Thursday, July 7, 2016

Selling a Farm

An old farmer reached the point in his life where he knew he could not continue. His farm would have to be passed on. With no offspring, no close relatives, he wondered ... who could he hand this farm over to? He had spent years, his entire life, caring for every spec of land. His long hours of loving labor were in every fence post, every clump of grass he looked at as he pondered this dilemma. Who would care for the fruits of his life's work?

The day came, the farm on the market. Interested parties started coming by to view his home, his life, ready and anxious to take over.  How was he to choose?

Old farmers carry a lot of wisdom....

He made it a requirement to personally show the farm, to spend plenty of time with each applicant walking from end to end. Some seemed sorry that the farmer had not had the time nor energy to clean up. There was bits of trash here and there, items obviously out of place, left where they were last used instead of stored away.  But oddly, all the pictures displayed of the farm showed a different story, an immaculately neat and organized operation. Had the old farmer given up? Was his health failing to the point where he couldn't even bring himself to pick up trash?

Every time another interested party came, they would take the same tour. Some complained of the condition, some didn't  even notice, some talked of all the grand ideas they had, some really had no idea at all.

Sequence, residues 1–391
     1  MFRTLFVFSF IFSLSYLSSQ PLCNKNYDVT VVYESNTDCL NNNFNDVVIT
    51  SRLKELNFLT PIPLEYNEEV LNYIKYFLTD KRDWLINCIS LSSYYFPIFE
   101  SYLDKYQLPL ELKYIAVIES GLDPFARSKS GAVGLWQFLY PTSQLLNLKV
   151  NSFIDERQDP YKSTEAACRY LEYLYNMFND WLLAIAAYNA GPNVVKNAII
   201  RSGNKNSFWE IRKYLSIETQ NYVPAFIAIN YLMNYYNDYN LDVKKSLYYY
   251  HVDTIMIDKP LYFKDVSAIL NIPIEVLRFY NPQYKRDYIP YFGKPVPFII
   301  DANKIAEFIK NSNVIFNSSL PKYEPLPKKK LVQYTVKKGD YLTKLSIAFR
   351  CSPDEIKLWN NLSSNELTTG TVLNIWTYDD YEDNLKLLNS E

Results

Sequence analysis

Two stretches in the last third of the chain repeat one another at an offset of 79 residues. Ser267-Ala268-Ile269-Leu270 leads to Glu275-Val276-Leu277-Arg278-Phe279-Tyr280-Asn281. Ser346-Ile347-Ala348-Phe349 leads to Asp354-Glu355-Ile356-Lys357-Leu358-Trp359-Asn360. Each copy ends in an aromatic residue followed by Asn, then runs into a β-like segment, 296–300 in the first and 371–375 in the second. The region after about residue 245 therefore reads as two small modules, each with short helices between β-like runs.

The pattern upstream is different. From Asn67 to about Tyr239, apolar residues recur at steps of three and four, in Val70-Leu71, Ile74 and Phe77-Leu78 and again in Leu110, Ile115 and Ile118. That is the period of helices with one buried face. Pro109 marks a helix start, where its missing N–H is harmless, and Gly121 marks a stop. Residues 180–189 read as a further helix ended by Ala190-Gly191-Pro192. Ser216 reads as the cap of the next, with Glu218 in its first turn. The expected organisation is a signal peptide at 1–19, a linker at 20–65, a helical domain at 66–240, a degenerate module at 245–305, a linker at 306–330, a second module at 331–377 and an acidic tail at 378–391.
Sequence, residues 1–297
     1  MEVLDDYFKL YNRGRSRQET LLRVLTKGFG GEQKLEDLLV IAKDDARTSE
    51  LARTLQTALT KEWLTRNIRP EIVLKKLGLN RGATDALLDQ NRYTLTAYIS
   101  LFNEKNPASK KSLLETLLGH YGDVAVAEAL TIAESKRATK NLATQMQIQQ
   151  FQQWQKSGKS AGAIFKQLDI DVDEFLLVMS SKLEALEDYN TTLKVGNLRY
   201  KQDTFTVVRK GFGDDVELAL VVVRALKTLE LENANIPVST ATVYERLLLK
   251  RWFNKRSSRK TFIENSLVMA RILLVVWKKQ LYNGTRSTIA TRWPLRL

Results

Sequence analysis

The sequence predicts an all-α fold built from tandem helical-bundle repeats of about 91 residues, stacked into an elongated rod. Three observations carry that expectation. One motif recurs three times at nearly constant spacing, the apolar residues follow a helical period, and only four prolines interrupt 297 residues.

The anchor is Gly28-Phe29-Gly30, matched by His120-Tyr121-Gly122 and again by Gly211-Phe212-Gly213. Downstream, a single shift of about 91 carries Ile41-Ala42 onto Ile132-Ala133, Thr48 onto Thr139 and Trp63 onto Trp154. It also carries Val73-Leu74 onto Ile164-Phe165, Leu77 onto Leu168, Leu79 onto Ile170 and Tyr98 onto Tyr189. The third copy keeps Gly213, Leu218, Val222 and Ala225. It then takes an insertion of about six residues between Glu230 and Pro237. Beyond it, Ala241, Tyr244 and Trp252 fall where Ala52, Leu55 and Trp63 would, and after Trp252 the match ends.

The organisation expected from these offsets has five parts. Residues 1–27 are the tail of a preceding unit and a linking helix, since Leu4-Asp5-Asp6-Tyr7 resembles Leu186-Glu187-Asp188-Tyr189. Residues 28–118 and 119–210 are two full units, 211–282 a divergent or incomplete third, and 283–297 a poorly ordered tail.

The farmer continued... waiting... unwilling to compromise his life work.

Then one day a young man came, interested. As they took the familiar tour around the land and buildings, this young man talked, looked around,  but but also discretely pulled the odd weed here and there without comment.  He picked up old dirty bailing twines left out and carried them in his pocket. In the workshop, as they talked, the young man silently hung a tool or two in its obvious place.  The old farmer watched every move, ever gesture the young man made.

At the end of the tour, the young man offered that he loved the place, but just was not sure he could afford it.

The farmer told him, "It's yours, pay me whatever you can".

Astounded, the young man replied, "What do you mean?"

"Son, I have walked dozens, maybe hundreds of people around this place. Many had money, many had grand ideas, a few even made ridiculously high offers.  I turned them all down.  Not a one of them pulled a weed, or replaced a tool. Only you.  .... I will not hand this place over, after spending my life building and caring for it, to a man that hires others to care for it. I will only hand it to one who will get his own hands dirty, pull a weed, and care about the soil and animals as much as I did. In your pocket right now are 7 bailing twines. Earlier this morning I laid out 8 myself, strategically placed along our tour.  You picked up all but the last one... which I now hold in my hand. Take this bailing twine and the place is yours. "

How to sell a farm...

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